Now, despite everything, the filmmakers have still been attacked by audiences for making a faux-documentary. Even Morgan Spurlock, director and star of Super Size Me and executive producer and star of the show 30 Days, congratulated the directors for making what he considered to be “the best fake documentary of all time.” But if you watch the film with a slightly less cynical eye, it’s quite obvious that the family in Michigan are not actors playing parts. And while their willingness to continue with the filming once they’ve been exposed may seem disingenuous to some; I would argue that the stark reality is the polar opposite, and that is what makes Catfish so brilliant. At this point, the film becomes an exploration of personality types in this technology-heavy world that we live in, and the odd way that something seemingly employed for its anonymity may actually be the safety blanket that allows a voice to begin to try to express itself. But like any therapy, if this is a voice that ultimately needs to speak, it’s not necessarily going to turn the cameras away when they show up, even when that means suffering the shame and humiliation of being caught in the act. And there are other evidences that abound, how certain people react in genuine confusion in a way that can not really be acted. To try to write or act the confusion we see on camera from one person in particular would have resulted in something more streamlined and on the nose. But the confusion is itself confusing is such a way that you really have to take a close look to peer through it for comprehension; the hidden truth behind it makes sense in a way that only half-understood reality can. And yet another person, the one who provides the film’s title, seems to have knowledge of what’s been going on far beyond what anyone assumes; seems, in fact, to have a perfectly clear understanding and acceptance of everything. There’s both a sadness to it and a painful resolve that belies it, evidence of a real love that is quite touching and beautiful.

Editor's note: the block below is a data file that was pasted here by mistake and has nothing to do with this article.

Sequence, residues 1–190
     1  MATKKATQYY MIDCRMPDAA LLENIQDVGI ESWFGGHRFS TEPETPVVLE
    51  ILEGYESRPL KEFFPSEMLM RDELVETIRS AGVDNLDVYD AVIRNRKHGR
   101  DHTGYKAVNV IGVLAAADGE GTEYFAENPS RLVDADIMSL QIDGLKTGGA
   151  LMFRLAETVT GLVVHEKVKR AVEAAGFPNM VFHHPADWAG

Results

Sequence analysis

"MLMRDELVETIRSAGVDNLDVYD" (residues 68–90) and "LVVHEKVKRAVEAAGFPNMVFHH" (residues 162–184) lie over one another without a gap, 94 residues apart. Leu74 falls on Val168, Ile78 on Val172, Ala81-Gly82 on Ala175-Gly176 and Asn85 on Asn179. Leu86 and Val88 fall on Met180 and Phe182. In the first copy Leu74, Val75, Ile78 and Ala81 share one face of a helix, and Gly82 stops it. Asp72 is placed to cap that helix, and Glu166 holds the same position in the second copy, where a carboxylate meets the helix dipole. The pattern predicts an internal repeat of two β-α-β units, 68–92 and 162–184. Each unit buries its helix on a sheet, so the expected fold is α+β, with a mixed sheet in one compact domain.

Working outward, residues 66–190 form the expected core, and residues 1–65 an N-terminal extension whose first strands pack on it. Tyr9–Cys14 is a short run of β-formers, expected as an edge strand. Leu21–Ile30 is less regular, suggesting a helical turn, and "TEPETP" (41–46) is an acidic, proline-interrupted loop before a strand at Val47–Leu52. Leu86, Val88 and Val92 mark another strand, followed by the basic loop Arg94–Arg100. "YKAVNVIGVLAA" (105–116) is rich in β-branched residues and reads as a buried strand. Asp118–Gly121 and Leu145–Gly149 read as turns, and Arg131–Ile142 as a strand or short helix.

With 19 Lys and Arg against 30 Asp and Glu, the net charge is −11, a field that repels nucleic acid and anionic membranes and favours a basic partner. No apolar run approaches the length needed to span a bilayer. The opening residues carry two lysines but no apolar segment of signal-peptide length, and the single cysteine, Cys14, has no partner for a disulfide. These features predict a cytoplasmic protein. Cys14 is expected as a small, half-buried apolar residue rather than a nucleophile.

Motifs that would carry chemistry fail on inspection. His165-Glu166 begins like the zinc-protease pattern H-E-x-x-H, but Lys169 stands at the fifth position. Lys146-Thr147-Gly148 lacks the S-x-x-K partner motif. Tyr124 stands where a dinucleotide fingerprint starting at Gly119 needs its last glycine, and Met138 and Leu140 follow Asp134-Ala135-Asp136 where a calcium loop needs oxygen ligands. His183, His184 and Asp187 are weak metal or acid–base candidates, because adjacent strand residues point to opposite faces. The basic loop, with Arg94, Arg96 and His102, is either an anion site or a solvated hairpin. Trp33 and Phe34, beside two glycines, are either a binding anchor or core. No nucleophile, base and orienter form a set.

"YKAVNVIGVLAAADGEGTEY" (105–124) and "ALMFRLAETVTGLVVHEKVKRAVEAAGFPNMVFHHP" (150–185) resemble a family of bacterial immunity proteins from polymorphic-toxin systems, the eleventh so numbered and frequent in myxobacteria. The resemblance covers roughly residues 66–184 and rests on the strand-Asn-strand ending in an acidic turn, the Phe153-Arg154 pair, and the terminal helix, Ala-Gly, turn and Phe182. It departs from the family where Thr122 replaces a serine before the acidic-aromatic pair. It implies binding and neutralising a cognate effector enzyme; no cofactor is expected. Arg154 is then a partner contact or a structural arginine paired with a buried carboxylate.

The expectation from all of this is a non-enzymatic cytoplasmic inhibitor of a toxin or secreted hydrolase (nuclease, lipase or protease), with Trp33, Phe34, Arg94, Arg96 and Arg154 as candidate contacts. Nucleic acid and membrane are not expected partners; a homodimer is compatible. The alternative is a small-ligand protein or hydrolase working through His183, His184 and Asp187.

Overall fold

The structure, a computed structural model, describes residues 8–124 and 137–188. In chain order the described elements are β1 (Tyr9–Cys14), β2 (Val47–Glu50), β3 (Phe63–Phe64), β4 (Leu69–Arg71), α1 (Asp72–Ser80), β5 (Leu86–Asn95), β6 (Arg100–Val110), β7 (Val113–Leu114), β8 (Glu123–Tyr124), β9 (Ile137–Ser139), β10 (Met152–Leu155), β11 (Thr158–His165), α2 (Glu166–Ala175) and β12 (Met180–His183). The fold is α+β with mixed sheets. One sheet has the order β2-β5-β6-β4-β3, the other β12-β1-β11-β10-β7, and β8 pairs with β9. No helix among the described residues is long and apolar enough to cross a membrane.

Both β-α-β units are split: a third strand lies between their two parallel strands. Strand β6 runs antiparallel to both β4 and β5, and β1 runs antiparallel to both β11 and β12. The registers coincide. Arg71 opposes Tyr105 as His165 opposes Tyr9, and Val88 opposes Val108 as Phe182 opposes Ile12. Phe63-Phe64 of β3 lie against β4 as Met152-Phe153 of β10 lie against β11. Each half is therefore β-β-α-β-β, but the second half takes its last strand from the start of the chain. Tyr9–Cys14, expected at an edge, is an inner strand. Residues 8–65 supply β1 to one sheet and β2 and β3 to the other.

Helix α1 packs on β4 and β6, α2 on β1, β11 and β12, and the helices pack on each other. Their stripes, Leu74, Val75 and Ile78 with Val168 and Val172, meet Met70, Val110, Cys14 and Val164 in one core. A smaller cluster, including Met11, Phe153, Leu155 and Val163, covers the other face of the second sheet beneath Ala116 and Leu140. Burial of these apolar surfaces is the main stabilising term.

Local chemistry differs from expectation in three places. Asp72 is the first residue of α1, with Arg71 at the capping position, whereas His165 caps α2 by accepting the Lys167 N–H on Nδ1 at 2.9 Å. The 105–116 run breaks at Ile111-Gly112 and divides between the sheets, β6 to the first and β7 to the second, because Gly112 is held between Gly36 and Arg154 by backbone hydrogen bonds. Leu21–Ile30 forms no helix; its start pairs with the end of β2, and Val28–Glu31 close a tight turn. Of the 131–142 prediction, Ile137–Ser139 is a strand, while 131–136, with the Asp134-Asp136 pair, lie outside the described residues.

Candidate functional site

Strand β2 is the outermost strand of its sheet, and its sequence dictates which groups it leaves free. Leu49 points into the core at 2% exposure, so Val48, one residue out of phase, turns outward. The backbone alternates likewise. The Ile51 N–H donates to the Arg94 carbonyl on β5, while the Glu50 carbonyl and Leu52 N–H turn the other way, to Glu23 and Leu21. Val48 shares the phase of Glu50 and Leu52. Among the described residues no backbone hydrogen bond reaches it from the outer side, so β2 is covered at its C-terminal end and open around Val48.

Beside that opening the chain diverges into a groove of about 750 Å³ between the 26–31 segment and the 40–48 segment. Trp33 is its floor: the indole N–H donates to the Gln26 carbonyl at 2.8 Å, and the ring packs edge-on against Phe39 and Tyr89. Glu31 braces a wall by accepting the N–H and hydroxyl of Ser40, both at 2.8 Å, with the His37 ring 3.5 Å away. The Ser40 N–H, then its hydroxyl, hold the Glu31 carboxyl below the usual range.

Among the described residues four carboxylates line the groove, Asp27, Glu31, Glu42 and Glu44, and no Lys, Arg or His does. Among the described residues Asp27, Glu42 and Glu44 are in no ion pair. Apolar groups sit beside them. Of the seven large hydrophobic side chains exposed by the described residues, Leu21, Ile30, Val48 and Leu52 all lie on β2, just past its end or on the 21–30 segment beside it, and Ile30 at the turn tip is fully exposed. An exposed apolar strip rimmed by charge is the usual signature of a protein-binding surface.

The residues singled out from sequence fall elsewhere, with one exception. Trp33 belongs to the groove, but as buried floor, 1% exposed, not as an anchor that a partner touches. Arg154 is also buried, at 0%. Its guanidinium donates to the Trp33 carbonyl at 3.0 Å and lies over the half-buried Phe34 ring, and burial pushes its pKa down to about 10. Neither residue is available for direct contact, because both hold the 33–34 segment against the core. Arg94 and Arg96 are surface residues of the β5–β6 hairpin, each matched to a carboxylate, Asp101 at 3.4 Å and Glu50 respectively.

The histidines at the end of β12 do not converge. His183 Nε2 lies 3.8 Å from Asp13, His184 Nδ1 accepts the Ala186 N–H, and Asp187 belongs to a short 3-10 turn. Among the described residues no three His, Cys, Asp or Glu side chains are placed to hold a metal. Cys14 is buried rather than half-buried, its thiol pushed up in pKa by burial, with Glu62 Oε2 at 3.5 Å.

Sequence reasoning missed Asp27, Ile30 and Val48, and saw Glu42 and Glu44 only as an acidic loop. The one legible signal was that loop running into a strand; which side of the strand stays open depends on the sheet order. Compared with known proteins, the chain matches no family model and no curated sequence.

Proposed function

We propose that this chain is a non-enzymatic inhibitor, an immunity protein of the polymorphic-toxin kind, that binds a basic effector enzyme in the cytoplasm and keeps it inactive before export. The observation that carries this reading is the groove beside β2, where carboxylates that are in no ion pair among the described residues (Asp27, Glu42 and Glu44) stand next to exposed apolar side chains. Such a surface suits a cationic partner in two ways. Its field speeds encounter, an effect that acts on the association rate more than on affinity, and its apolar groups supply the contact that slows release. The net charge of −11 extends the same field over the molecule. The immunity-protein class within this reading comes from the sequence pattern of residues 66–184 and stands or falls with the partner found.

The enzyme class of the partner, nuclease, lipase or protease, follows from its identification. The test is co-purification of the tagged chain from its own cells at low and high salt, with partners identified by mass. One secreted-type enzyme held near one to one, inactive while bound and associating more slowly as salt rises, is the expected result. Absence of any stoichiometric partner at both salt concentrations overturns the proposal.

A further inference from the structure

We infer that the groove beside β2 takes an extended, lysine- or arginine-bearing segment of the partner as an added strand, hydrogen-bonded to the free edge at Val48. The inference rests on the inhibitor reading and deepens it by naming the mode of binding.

And in the end, Nev remains a trusting, open, and friendly person. Some jaded audience members may scoff at this as being unrealistic and use it to claim fiction. But again, truth is often stranger than fiction. What we’re seeing are personality types and ideologies at work. A person who sees the world in a certain way, who is determined to always see the best in people, is usually going to try to maintain that point-of-view. For an idealist, that may mean maintaining an idealistic frame of mind even when it requires a reinterpretation of the world to include new realities; even if such mental cartwheels goes counter to the cold logic a pessimist would employ. And again, that’s part of what makes Catfish such a beautiful humanizing story. It’s finally about the human spirit overcoming technology, and the willingness of one person to be there for someone else, even through difficulty and discomfort. And isn’t that what we all strive for in the end? To be appreciated and to know that we’re not alone in the world? The internet, for all of its usefulness in bringing people together, on a certain level remains a divisive tool that ultimately keeps people apart. Catfish is what happens when you put the notebook down and venture out past the safety of your screen saver, and venture forth to take the risk of reconnecting with the uncertainties of human reality. If we don’t do it sooner, we’ll end up doing it later when we’re all just a bunch of screaming, lonely voices starving for real connection and interaction.